Some of the issues connected to the confusion over Australian and Nauruan power and responsibility for the detention and related processes were brought to light in the case of M68 v Minister for Immigration and Border Protection [2016] HCA 1. The plaintiff in this case had been forcefully transported to Nauru by Australian authorities in January 2014. In August she was brought to Australia for obstetric and gastroenterological review, and she gave birth to a daughter while in detention in Brisbane. Soon after, she launched an action in the High Court seeking an injunction and writ of prohibition against her transportation back to Nauru. She argued that Australia had detained her on Nauru without legal basis. In the five months between the lodgment of her case and its hearing, the Australian government passed legislation retrospectively validating its capacity “to take, or cause to be taken, any action in relation to the arrangement or the regional processing functions” of another country. In the same period, the Nauruan government announced that the detention centre was now “open”, and that detainees would have freedom of movement on the island.

By a majority of six to one, the High Court found for the Minister, deciding that the validating legislation, and thus Australia’s forcible transportation of the plaintiff to Nauru, was constitutional. Demonstrating the lack of clarity over who is in control of detention on Nauru, three judges found that the plaintiff was detained by the Australian government, three judges found that she was detained by the Nauruan government, and one judge found that the detention was under Nauruan law, though ‘it might be said’ such detention was procured, funded and caused by Australia.

The lack of legal clarity over who is responsible for refugee detention on Nauru is of benefit to the Australian government, which seeks to distance itself from responsibility for the centre while retaining significant control over it. The Australian government modified its policy in 2013 such that “maritime arrivals” would be permanently refused settlement in Australia, even once their claims have been processed (the vast majority of those who arrive by boat are successful in their refugee claims). As such, the Nauru centre is no longer for “processing” claims, but is rather a site of indefinite detention. The centre presently holds around 500 men, women and children in dire conditions. Two refugees self-immolated on Nauru in 2016 and the UN has described the mental health of detainees as ‘very, very shocking’. Only a (necessarily) convoluted tort law precedent gives detainees access to injunctive relief from the Australian court system, based on the finding that the Australian minister retains a duty of care to detainees even while they are being held offshore. Pursuant to this duty, the Federal Court of Australia has granted two injunctions over the last four months ordering emergency medical evacuations of two refugee children from Nauru, both of whom had become suicidal as a result of their detention. Both injunctions were contested by the Australian government.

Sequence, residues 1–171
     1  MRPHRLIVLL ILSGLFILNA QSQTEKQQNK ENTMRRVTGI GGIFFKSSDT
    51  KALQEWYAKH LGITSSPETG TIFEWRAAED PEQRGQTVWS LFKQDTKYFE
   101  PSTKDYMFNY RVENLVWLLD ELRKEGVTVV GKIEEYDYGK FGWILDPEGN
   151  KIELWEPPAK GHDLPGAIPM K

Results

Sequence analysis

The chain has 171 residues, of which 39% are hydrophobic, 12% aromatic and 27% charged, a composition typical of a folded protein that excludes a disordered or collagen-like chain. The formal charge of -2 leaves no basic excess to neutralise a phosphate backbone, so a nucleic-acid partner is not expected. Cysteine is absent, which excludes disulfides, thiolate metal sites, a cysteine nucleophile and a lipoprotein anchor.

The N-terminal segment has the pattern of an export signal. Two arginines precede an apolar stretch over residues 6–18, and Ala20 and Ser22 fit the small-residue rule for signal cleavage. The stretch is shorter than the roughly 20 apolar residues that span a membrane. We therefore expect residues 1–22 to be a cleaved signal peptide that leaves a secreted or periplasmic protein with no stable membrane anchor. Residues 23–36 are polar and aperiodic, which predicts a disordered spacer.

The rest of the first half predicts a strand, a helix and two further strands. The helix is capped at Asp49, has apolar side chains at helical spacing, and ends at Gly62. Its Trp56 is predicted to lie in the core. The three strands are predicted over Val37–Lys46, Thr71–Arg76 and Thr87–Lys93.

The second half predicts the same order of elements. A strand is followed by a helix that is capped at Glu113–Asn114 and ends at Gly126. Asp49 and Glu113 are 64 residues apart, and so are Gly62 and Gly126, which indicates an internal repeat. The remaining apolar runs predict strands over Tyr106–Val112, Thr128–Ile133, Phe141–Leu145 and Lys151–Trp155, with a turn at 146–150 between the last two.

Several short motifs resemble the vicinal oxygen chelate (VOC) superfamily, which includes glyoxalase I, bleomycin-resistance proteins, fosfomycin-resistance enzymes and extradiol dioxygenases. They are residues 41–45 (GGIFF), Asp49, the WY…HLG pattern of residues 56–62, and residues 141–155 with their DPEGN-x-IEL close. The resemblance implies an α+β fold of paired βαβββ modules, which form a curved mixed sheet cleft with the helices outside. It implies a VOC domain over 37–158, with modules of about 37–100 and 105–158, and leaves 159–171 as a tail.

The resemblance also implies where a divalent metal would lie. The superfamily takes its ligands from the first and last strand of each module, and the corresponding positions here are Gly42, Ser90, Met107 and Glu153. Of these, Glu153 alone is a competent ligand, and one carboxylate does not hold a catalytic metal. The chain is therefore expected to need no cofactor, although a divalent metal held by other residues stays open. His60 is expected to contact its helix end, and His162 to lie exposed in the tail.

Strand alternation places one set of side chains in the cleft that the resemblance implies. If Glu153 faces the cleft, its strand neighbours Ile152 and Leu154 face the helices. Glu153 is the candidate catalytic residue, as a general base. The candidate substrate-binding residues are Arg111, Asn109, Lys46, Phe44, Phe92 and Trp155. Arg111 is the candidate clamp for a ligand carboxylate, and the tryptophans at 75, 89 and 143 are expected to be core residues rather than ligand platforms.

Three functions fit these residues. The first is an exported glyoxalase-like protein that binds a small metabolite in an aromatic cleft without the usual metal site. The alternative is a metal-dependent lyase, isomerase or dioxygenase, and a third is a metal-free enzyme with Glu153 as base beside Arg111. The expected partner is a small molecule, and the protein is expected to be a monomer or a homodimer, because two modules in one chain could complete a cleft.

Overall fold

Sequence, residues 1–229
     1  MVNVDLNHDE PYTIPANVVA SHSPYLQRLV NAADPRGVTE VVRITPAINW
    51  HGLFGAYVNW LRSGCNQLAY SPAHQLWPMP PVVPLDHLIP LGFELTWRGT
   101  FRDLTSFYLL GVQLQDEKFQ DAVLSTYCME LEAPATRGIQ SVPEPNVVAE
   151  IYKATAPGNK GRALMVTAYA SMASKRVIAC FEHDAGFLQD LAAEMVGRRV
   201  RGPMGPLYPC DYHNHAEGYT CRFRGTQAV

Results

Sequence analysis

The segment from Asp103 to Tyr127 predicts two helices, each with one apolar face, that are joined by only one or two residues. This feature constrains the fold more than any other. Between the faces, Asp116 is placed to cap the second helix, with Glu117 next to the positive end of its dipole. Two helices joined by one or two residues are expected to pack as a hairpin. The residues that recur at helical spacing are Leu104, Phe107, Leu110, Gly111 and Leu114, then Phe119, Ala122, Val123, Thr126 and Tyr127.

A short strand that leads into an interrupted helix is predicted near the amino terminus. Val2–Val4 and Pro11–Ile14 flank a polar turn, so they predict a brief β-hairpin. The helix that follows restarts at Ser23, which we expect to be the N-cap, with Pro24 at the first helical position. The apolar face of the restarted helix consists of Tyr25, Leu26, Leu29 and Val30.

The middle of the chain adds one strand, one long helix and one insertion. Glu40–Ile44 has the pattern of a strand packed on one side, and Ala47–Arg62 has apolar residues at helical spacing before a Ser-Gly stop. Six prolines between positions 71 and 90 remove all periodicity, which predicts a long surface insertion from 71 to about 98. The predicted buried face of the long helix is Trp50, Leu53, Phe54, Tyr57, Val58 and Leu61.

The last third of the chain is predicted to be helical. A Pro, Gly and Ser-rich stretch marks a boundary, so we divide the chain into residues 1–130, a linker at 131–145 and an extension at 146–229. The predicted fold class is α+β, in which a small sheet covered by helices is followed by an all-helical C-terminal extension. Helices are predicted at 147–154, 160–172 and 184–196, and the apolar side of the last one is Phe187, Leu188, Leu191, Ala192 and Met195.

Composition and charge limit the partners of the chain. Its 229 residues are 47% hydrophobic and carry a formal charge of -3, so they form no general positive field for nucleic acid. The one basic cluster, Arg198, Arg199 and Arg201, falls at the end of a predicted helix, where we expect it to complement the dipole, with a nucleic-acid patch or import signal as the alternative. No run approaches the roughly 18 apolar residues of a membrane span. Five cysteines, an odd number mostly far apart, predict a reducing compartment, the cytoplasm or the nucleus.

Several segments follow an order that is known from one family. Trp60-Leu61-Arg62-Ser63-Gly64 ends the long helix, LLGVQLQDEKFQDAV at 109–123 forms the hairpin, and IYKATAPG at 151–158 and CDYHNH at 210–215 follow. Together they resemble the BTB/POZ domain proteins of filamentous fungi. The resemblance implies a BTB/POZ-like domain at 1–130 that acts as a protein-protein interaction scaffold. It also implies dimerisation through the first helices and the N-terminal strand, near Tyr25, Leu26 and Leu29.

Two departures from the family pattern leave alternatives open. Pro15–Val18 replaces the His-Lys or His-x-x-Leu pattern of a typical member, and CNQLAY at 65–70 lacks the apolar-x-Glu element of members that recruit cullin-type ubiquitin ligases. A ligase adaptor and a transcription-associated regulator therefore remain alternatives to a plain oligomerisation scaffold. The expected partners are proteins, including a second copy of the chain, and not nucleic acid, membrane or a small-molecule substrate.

Nauru is now economically dependent on the detention centre, which accounted for half of its domestic revenue last year. Nauruan politics have been destabilised since the re-opening of the detention centre in 2012. A state of emergency due to “economic security” was declared in 2013, bringing forward general elections. In 2014, Nauru increased the cost of its journalist visa fees from $A200 to $A8000, a move criticised by the Nauru Opposition and by refugee organisations. Soon after, two longstanding Australian members of the Nauruan judiciary were expelled, and a number of Nauruan opposition MPs were suspended from the parliament for criticising the government. A protest against their suspension the following June resulted in public order convictions for 19 Nauruans, including a former Nauruan president and justice minister. Three of these protestors successfully appealed to the Australian High Court against the severity of their sentences. In the appeal, the Nauru Department of Public Prosecutions was represented by an Australian commercial law firm and QC and the appellants were represented by Australian human rights lawyers. Following the (Australian) High Court’s decision that the (Nauruan) Supreme Court had erred in increasing the sentences, the Supreme Court responded by increasing the sentences further.

Nauru has not established an appellate court to replace the Australian High Court, meaning that there is now no access to a court of appeal. With the Waqa government’s evident distaste for media scrutiny, combined with Nauru’s dependence on the detention centre and the legal opacity of who is responsible for the crimes against humanity which there is significant evidence to suggest are being committed there, the severance of High Court jurisdiction allows the Australian government to exert power and control on the island with even less accountability then before.

Sarah Keenan is a Senior Lecturer at Birkbeck Law School.